The workforce measures we chose to explore differentiated participation in unpaid work that generated productive resources from participation in paid work. In addition, the survey collected information on other measures of empowerment such as ownership of assets and participation in household decision-making, as well as information on the woman’s socioeconomic and demographic background.
Our findings underscored that as women enter the workforce and contribute to generating an income in Nepal, women were more likely to experience violence over their lifetime. But what we were saddened to learn was that this held true with both their intimate partners as well as other men — although the nature and intensity of this violence varied. While women were more likely to experience sexual and emotional violence from their intimate partners, they more often experienced physical and emotional violence from other men. The shift to more gender equal relations within the household, as yet, did not appear to have taken place.
Undoubtedly, the relationship between violence and women’s participation in work is complex. Some scholars posit that the relationship between empowerment and violence is most likely U-shaped, while a degree of empowerment allows women to challenge certain aspects of traditional sex roles, it comes with an increased risk of violence until a high enough level is reached for protective effects to predominate. Thus, during periods of transition in gender relations women may be at increased risk of violence.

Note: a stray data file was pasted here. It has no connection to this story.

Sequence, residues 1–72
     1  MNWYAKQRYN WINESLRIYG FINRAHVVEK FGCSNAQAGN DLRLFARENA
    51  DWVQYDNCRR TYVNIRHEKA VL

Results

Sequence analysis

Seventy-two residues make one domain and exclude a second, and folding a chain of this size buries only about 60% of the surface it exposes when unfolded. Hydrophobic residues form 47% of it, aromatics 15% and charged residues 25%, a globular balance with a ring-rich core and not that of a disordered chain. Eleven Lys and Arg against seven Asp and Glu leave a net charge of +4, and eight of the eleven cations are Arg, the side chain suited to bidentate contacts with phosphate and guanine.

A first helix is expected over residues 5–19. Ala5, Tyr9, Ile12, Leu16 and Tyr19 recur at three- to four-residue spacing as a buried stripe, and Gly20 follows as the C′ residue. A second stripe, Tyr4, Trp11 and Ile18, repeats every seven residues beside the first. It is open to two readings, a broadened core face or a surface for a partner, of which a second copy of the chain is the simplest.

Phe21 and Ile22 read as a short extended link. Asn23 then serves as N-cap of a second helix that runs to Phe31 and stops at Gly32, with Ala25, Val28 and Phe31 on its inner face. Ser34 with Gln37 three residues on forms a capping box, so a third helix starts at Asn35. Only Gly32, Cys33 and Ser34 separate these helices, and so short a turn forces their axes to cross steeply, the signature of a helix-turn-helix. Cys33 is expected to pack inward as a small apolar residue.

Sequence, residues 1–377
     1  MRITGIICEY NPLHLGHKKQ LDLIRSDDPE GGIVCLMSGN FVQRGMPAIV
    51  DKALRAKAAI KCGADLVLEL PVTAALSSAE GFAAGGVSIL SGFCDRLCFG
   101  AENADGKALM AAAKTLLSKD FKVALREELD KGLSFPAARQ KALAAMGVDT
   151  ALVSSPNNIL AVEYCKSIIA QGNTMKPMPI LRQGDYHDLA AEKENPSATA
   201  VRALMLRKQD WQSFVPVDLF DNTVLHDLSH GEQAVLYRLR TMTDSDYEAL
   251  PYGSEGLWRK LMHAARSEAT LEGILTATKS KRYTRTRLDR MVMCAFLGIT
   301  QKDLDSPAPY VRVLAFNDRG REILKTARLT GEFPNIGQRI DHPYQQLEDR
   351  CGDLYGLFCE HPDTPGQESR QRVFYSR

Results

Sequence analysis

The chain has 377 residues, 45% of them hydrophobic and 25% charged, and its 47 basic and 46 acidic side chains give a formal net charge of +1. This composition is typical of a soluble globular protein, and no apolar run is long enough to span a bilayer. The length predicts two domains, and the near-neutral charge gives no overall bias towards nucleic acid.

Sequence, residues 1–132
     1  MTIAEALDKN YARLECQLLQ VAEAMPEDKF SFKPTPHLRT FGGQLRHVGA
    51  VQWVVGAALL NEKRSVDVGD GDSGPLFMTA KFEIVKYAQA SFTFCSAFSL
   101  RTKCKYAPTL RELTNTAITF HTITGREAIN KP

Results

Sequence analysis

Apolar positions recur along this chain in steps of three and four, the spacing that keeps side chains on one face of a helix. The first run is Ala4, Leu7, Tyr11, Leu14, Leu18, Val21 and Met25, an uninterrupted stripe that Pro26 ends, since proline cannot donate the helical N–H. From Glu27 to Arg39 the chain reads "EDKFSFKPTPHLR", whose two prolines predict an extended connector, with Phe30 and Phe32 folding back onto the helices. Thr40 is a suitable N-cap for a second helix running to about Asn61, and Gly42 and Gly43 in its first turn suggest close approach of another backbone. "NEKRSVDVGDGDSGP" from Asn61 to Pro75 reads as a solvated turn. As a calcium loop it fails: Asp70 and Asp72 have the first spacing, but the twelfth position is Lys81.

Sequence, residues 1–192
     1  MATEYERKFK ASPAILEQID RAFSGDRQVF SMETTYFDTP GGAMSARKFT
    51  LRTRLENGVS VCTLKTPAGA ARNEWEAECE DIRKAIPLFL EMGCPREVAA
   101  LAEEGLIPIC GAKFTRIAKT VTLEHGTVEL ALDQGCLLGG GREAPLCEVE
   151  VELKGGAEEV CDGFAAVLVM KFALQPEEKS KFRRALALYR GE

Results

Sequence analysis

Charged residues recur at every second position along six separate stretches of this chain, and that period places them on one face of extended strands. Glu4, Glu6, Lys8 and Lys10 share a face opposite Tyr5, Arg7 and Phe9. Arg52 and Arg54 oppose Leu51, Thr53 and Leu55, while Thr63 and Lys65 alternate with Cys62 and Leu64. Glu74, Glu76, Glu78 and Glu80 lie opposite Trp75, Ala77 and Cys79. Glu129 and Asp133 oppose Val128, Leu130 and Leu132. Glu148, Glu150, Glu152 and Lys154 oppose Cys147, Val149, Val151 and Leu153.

This research shows that significant investments are needed in longitudinal studies for an in-depth examination of the relationship between women’s economic empowerment and violence in a way that charts different dimensions of their empowerment (political, social, and economic) and allows development practitioners and policymakers to better understand the point at which we may see reversals in the violence and backlash experienced. In the meantime, current policies and programs need to address the issue more comprehensively. Clearly, prevention approaches that focus on women’s empowerment in isolation will not be effective and could even be counter-productive. Preventive approaches that target and work at changing gender norms in tandem with empowerment approaches are more likely to succeed.
More investment is needed in innovative programs that do critical work around men and masculinities, or work with couples to foster healthy and equal relationships, support intra-household problem solving, and develop communications skills. But these initiatives must be accompanied by investments in monitoring and evaluation that allow us to understand what works and in what contexts. The platitudes about women’s economic empowerment need to be interrogated and the development community needs to take this this forward.